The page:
Author Archives: PVICommunications

Cathy Cohen

RESCHEDULED! Cathy J. Cohen—Race, Rage & Vulnerability: The Politics of Millennials in the Era of Trump

Cathy CohenTuesday, September 17
3:30–5:00 pm
Rotunda Dome Room
Reception follows

Cathy J. Cohen is the David and Mary Winton Green Professor at the University of Chicago. She formerly served in numerous administrative positions, including chair of the Department of Political Science, director of the Center for the Study of Race, Politics and Culture and deputy provost for Graduate Education at the University of Chicago. Cohen is the author of two books, The Boundaries of Blackness: AIDS and the Breakdown of Black Politics (University of Chicago Press) and Democracy Remixed: Black Youth and the Future of American Politics (Oxford University Press). She is also co-editor of the anthology Women Transforming Politics: An Alternative Reader (NYU Press) with Kathleen Jones and Joan Tronto. Her articles have been published in numerous journals and edited volumes including the American Political Science Review, NOMOS, GLQ, Social Text, and the DuBois Review. Cohen created and oversees two major research and public-facing projects: the GenForward Survey and the Black Youth Project. She is the recipient of numerous awards, a member of the American Academy of Arts and Sciences and co-editor with Frederick Harris of a book series at Oxford University Press entitled “Transgressing Boundaries: Studies in Black Politics and Black Communities.”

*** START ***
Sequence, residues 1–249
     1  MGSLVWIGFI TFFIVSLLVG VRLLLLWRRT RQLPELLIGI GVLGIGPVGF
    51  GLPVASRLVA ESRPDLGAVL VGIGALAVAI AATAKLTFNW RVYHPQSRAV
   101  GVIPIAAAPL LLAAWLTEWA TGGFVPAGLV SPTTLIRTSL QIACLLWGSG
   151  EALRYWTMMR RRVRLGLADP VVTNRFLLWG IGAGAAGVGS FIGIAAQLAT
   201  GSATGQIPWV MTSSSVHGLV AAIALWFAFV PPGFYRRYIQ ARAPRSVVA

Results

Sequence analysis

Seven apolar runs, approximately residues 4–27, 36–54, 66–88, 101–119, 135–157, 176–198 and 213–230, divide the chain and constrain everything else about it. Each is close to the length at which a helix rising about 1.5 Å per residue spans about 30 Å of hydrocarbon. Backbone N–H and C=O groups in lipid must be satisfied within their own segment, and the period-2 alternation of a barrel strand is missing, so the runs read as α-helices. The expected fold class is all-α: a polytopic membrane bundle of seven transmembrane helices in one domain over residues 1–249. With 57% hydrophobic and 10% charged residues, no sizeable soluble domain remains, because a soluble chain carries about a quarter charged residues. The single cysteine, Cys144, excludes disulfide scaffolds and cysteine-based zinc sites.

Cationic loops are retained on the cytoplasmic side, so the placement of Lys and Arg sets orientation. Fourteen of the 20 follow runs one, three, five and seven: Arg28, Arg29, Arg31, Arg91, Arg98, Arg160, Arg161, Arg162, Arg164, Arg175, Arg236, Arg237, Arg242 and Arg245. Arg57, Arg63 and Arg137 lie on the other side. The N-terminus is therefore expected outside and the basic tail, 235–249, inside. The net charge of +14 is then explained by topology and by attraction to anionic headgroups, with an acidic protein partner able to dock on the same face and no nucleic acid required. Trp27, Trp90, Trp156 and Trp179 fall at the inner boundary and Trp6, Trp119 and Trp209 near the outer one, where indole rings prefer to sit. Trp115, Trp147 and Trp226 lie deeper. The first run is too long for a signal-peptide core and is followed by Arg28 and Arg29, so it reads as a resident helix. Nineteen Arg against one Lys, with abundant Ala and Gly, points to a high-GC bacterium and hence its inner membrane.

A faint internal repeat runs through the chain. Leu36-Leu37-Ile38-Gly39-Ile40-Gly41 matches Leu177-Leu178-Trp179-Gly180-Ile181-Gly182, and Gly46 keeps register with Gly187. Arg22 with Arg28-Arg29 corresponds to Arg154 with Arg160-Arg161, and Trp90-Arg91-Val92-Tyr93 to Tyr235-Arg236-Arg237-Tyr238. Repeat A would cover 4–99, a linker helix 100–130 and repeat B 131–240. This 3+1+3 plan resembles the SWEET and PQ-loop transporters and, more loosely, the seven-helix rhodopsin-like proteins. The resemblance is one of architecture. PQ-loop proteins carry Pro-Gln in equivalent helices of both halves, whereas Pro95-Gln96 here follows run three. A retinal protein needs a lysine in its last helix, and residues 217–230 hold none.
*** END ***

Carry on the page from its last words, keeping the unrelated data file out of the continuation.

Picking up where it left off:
2019 PVI Fellows Mini-Conference

9:15-9:30: Opening Remarks
Claudrena Harold, Professor of African American and African Studies and History

11:00-12:15: Roundtable II
Meret Hofer, The Challenge of Community Policing: Understanding Barriers to Positive Interactions between Police and the Public
Victoria Mauer, The Enduring Prevalence of Sexual Violence on College Campuses: Exploring Student Perspectives on Prevention Programming
Commentator: Brian Williams, Associate Professor of Public Policy.

1:00-2:15: Roundtable III
Daniel Henry, Writing Human and Revolution in W.E.B. Du Bois’s Dark Princess
Samantha Wallace, The #MeToo Effect: "Certainty" as Rhetoric and Discourse in Contemporary Narratives of Sexual Violence
Commentator: Meredith Clark, Assistant Professor of Media Studies

2:30-3:45: Roundtable IV
Shira Lurie, Liberty Poles and the Contested Right of Protest
Brian Neumann, A New Reign of Terror: Imagining Disunion in South Carolina, 1830-1835
Commentator: Cynthia Nicoletti, Legal Historian and Professor of Law

3:45-4:00: Closing Remarks
Denise Walsh and Nick Winter

Co-sponsored by
Maxine Platzer Lynn Women’s Center